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Why are newspaper circulations falling?

Journalists on Welsh newspapers have told The Eye their jobs are at stake after revelations of plunging circulation figures and as the UK Government announces a review into the future of the newspaper industry, warning that the closure of hundreds of regional titles is fuelling fake news and is “dangerous for democracy”, it has emerged.

One on a major local paper in Wales said:  “All we seem to do is write lists and so-called stories about rugby or the weather.

Is the game up for Welsh newspapers?

“We all think the game is up.”

Another on a weekly Welsh newspaper said to us:  “Morale is at rock bottom.

“Our circulation figures are heading south and soon there won’t be a xxxxx any more.”

Theresa May orders a review

In a keynote speech in Manchester earlier this month the Prime Minister, Theresa May, appeared to recognise the crisis.

She warned that the decline of “credible” news providers left the public “vulnerable to news which is untrustworthy“.

The review she ordered will look into sustainable funding models for the printed press at national, regional and local level.

High-quality journalism can be a ‘force for good’

The Prime Minister said high-quality journalism was a “force for good”.

She added:  “in recent years – especially in local journalism – we’ve seen falling circulations, a hollowing-out of local newsrooms, and fears for the future sustainability of high quality journalism”.

But the review is set against a continuing and disturbing plunge in newspaper circulation figures everywhere, not least in Wales.

Watergate journalists Bernstein and Woodward

Research by the Press Gazette in December 2016 found that 46 regional and local titles had closed in the previous 18 months, with big players such as Trinity Mirror (which has recently announced it is taking over the Daily Express group) and Johnston Press among those shutting or merging long-established titles.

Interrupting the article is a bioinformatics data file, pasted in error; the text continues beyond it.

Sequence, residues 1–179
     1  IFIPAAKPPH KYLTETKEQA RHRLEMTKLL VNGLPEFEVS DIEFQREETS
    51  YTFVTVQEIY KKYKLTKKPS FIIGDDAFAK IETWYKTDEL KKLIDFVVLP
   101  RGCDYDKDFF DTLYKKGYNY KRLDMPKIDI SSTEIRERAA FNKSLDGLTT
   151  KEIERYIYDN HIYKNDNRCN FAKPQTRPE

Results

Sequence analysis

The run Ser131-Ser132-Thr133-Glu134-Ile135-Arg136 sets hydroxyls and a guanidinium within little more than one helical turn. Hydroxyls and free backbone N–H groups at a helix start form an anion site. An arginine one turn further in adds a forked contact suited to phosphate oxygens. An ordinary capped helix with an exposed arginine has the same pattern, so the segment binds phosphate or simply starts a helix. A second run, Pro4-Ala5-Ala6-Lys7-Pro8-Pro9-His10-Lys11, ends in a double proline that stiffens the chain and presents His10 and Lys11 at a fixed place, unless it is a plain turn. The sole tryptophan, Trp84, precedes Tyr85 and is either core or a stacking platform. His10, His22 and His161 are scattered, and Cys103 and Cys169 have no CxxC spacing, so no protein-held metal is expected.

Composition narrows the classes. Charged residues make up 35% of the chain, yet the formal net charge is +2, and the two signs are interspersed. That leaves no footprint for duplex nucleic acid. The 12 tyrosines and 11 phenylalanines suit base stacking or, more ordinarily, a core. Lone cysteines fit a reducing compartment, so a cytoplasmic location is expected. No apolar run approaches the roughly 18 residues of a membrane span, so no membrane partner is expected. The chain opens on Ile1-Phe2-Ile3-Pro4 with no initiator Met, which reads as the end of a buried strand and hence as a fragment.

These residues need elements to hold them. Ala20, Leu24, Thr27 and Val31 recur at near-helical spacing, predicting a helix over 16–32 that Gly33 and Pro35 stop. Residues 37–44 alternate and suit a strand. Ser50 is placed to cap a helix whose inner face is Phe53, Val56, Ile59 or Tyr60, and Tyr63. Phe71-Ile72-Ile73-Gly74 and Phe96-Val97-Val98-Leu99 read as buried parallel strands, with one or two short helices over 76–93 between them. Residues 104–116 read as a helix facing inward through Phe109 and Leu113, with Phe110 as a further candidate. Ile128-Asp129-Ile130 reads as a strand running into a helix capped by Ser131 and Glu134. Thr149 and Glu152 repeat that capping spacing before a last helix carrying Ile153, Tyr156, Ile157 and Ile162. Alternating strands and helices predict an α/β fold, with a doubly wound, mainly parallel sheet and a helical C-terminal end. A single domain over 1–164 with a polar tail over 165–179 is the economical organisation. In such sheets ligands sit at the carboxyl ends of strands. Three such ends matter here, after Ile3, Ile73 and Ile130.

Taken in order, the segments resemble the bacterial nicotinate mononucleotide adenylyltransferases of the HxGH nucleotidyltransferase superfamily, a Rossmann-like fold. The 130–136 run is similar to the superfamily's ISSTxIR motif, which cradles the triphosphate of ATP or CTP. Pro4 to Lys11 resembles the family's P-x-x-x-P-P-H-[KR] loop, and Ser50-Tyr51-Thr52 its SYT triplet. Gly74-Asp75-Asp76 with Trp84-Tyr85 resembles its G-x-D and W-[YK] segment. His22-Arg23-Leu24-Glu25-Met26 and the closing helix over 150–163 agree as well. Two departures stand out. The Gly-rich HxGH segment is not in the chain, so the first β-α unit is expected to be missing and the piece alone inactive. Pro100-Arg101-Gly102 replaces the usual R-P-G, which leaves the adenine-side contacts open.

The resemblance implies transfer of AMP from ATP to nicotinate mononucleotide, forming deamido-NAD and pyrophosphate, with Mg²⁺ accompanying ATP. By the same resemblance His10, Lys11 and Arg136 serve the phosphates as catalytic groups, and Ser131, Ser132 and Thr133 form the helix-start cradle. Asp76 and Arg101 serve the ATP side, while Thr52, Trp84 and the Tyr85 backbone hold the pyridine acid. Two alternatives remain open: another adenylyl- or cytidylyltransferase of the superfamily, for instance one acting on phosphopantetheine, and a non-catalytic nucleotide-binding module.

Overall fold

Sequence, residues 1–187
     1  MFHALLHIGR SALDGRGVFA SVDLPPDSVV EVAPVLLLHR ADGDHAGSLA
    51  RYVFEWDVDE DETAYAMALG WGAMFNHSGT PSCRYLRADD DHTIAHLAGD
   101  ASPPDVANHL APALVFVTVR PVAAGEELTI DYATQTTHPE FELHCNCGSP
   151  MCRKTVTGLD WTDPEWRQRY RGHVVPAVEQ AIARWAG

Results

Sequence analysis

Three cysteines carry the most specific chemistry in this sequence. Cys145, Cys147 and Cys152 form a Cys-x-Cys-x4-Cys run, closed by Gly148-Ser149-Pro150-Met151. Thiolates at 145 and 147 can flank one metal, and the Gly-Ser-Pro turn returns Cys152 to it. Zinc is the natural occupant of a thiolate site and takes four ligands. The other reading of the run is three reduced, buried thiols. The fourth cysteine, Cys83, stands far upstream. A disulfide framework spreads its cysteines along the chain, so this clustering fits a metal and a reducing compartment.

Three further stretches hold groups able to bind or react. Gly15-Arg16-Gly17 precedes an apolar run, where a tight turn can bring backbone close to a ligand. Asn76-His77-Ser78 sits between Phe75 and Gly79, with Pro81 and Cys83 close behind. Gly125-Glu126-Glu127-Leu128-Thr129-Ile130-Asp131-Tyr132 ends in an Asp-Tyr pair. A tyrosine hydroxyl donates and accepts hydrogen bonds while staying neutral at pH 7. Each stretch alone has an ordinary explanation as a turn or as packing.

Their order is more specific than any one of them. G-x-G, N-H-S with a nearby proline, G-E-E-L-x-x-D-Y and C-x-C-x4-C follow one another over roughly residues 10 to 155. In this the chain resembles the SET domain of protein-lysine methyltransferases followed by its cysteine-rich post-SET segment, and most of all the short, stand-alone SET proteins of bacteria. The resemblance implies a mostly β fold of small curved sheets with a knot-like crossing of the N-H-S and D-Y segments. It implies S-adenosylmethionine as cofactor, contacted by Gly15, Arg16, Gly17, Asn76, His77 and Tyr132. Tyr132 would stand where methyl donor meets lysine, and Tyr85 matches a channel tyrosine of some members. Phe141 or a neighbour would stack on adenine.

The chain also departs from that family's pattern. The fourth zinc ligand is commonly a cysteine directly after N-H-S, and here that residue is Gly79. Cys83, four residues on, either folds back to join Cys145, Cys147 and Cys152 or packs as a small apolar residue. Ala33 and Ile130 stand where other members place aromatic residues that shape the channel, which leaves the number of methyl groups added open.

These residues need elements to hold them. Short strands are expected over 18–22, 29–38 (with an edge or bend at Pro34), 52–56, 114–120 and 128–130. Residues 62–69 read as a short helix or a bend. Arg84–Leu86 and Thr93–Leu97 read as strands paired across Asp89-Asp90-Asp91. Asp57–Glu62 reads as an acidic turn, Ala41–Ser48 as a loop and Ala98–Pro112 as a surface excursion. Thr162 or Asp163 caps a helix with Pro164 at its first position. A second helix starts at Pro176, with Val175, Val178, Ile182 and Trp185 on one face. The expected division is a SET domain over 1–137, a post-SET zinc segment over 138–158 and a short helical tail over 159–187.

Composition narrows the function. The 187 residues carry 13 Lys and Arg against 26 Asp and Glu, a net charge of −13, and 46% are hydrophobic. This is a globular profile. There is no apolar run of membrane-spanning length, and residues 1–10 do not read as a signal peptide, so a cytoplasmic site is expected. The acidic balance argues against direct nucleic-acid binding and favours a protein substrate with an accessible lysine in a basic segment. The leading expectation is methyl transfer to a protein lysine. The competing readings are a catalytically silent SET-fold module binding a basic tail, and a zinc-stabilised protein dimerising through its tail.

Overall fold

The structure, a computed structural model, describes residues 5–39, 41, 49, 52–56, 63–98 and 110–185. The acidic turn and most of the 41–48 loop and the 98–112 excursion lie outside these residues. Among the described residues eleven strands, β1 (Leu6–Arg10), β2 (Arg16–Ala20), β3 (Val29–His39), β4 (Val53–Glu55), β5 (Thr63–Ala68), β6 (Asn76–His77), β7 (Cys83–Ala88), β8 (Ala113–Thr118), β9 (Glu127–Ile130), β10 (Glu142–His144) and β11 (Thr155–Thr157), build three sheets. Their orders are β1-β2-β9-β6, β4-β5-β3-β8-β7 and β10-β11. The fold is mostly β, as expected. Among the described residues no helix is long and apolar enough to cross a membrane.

The trade publication said there were 198 fewer regional and local titles than in 2005.

Daily Post – now Wales’ biggest

A year ago it was reported that the morning paper serving North Wales, the Daily Post, had now become Wales’ biggest, although its circulation figures had fallen dramatically, and the print sector itself remained in long-term decline.

Figures for 2016 showed the paper sold an average of 22,251 copies, but that this was a decline on the 23,645 printed copies sold in 2015.

South Wales Evening Post – overtaken

The Post’s circulation had overtaken the Swansea-based South Wales Evening Post, which had an average circulation in 2016 of 21,031 copies.

Our own Editor, Phil Parry, has written about how newspaper circulations were much higher when he started as a cub reporter on the South Wales Echo in 1983.

Then, it was the biggest-selling newspaper produced in Wales and had a circulation of more than 80,000.

Media Wales – moving online has largely failed

Today the circulation is just over 15,000, and the Echo has long-since been overtaken.

Newspapers in the Media Wales stable have fallen disproportionately to others in Wales, including the Western Mail (part of the Trinity Mirror group).

The Western Mail, which styles itself as ‘the national newspaper of Wales’, saw its circulation fall to 15,697 copies in 2016, down from an average of 18,063 the previous year

Attempts have been made to arrest the decline by going down-market and shifting towards an internet-based model though the Media Wales website WalesOnline.

But these attempts have largely failed.

Will old-ashioned journalism make a comback?

The Editor of WalesOnline Paul Rowland, who threatened to sue us over a satirical article with the extraordinary words “satire is no defence against libel”, has an interesting idea of journalism on his website.

He advised a reader anxious to break into journalism to write lists about the best places to eat in Wales, but strongly denied this was ‘clickbait’.

He wrote on WalesOnline:   “You might not be interested in ’19 mouth watering street food dishes and where to find them in Wales, and you might believe it’s not something we should be writing (I wouldn’t agree, but that’s fine).

“That doesn’t mean it’s clickbait.”

But ‘clickbait’ journalism cannot anyway lie behind the plunge in newspaper circulations and the UK Government review into the newspaper industry.

Can it?

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